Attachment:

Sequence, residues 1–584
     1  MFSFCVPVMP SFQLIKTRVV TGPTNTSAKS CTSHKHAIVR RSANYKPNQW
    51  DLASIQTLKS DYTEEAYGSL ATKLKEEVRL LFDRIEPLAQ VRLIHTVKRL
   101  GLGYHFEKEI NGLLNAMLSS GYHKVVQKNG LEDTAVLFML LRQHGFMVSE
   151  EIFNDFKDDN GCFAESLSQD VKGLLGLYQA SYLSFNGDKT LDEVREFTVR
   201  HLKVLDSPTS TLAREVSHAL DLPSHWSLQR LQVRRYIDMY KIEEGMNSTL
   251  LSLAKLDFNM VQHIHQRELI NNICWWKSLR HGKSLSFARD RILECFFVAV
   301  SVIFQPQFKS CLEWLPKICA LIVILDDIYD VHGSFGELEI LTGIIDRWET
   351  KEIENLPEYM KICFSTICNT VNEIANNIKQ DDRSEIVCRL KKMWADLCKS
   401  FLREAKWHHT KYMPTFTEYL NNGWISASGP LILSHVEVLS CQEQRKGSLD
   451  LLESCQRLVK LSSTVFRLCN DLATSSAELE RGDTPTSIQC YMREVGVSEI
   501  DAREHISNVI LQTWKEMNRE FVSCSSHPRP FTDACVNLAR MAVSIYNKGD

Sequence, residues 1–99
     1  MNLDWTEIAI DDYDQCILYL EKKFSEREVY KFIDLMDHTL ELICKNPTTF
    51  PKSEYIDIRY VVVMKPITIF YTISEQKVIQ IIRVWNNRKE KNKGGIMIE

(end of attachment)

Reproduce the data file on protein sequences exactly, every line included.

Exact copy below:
Sequence, residues 1–584
     1  MFSFCVPVMP SFQLIKTRVV TGPTNTSAKS CTSHKHAIVR RSANYKPNQW
    51  DLASIQTLKS DYTEEAYGSL ATKLKEEVRL LFDRIEPLAQ VRLIHTVKRL
   101  GLGYHFEKEI NGLLNAMLSS GYHKVVQKNG LEDTAVLFML LRQHGFMVSE
   151  EIFNDFKDDN GCFAESLSQD VKGLLGLYQA SYLSFNGDKT LDEVREFTVR
   201  HLKVLDSPTS TLAREVSHAL DLPSHWSLQR LQVRRYIDMY KIEEGMNSTL
   251  LSLAKLDFNM VQHIHQRELI NNICWWKSLR HGKSLSFARD RILECFFVAV
   301  SVIFQPQFKS CLEWLPKICA LIVILDDIYD VHGSFGELEI LTGIIDRWET
   351  KEIENLPEYM KICFSTICNT VNEIANNIKQ DDRSEIVCRL KKMWADLCKS
   401  FLREAKWHHT KYMPTFTEYL NNGWISASGP LILSHVEVLS CQEQRKGSLD
   451  LLESCQRLVK LSSTVFRLCN DLATSSAELE RGDTPTSIQC YMREVGVSEI
   501  DAREHISNVI LQTWKEMNRE FVSCSSHPRP FTDACVNLAR MAVSIYNKGD

Sequence, residues 1–99
     1  MNLDWTEIAI DDYDQCILYL EKKFSEREVY KFIDLMDHTL ELICKNPTTF
    51  PKSEYIDIRY VVVMKPITIF YTISEQKVIQ IIRVWNNRKE KNKGGIMIE